Jesse Williams Responds to #AllLivesMatter With This One Brilliant Comic

August 17th 2015

Kyle Jaeger

Amid national debate over racial injustice, sparked by the police-involved shooting of Michael Brown in Ferguson, Missouri, a hashtag war has developed, pitting those who advance #BlackLivesMatter on social media against those who contend that #AllLivesMatter. For advocates in the former group, it seems redundant (if not offensive) to argue that all lives matter.

(In a country that prides itself on the equal treatment of its citizens under constitutional law, it should probably go without saying that all lives matter. But that hasn't stopped some from promoting the #AllLivesMatter concept, using it in response to the national movement known as Black Lives Matter.)

It is not that Black rights supporters deny that all human life should be held in equality, but as stories of police-involved shootings of unarmed Black people, church burnings, and racial discrimination continue to make headlines across the country, the necessity of the Black Lives Matter movement is apparent.

All houses matter

This comic perfectly demonstrates that point, illustrating the profound misconception that underlies "all lives matter," especially in the context of the Black rights movement. Created by Kris Straub, the three-panel comic appears in the cartoonist's ChainsawSuit series.

"All houses matter," the text reads above the image of a person hosing down an apparently undamaged home. To the right, a house is being consumed by flames, but the person holding the hose, eyes shut and smiling, does not appear to notice. The house on the right represents Black communities; the house of the left represents white America.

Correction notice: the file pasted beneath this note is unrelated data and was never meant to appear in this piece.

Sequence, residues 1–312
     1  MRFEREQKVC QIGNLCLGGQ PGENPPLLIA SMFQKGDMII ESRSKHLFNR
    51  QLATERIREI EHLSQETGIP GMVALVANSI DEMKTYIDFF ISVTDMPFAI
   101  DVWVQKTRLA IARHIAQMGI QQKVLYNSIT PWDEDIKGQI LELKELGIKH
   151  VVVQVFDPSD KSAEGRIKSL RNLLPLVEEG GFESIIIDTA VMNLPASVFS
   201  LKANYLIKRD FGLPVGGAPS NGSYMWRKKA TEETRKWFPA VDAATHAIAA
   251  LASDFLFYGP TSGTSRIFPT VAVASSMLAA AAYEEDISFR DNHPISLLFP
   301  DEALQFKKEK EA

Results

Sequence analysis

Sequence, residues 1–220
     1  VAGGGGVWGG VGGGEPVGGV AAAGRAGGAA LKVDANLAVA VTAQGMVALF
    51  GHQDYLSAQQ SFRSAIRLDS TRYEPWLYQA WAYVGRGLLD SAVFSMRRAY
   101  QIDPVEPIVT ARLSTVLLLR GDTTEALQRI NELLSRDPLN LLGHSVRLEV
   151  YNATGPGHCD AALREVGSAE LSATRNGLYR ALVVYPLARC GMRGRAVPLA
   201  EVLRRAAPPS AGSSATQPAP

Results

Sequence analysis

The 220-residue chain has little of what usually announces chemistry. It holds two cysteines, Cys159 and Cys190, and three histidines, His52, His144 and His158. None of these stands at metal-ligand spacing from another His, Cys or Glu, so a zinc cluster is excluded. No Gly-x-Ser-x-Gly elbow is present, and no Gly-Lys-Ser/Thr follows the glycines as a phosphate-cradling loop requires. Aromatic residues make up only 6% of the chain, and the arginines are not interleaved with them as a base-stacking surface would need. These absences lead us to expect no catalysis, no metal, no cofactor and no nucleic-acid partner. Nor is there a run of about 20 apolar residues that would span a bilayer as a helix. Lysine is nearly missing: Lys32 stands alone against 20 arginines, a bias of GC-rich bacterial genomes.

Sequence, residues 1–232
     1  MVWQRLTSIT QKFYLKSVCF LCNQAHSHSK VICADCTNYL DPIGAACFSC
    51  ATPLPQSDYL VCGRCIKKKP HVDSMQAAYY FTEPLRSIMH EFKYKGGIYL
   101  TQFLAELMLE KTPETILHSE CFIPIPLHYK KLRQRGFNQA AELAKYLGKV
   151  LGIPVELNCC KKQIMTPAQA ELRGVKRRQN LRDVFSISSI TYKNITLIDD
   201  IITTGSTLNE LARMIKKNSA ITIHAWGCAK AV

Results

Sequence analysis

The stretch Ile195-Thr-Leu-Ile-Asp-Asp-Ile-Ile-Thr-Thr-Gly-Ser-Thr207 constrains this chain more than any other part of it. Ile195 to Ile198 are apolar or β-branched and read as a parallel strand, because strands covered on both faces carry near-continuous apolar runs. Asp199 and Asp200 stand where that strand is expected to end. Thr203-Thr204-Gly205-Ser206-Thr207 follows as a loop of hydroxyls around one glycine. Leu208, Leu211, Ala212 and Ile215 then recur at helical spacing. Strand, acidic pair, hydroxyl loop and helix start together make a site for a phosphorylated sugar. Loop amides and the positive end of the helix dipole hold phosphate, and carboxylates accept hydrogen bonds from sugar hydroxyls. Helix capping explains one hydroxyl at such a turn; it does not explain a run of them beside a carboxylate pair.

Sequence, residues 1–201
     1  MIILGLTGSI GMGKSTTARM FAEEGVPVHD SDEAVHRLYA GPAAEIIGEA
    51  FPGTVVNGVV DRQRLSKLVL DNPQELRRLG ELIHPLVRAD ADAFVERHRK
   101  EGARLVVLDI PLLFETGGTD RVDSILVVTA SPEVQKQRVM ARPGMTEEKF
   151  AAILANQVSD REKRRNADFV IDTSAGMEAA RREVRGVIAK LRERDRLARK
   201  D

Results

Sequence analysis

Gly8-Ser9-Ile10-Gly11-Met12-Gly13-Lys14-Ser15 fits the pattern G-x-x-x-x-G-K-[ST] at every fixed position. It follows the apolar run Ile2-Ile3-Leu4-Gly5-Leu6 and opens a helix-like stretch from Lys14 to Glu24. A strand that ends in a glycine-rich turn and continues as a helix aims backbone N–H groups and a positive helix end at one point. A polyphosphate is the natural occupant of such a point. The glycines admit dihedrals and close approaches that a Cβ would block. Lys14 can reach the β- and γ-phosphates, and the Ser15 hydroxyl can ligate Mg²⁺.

It's been 1 year since Michael Brown's death in Ferguson, Miss...

It's been 1 year since Michael Brown's death in Ferguson, Missouri. #BlackLivesMatter

Posted by ATTN: on Sunday, August 9, 2015

In effect, the cartoonist is suggesting that proponents of "all lives matter" have failed to recognize the significance of issues raised by Black Lives Matter advocates. They are content to claim that all lives matter, but they are also unwilling to take the necessary actions to support that equality, even when they have the means to do so.

Actor and activist Jesse Williams—who previously spoke out about police brutality—shared the comic on Instagram last week. "We see you," he commented. "As will history."


We see you. As will history. (ChainsawSuit by Kris Straub)

A photo posted by Jesse Williams (@ijessewilliams) on


Indeed, it seems as though false interpretations of the Black Lives Matter mantra does bear historical consequence, separating those who see #BlackLivesMatter as an important feature of a larger movement from those who feel that it does not adequately represent national concerns.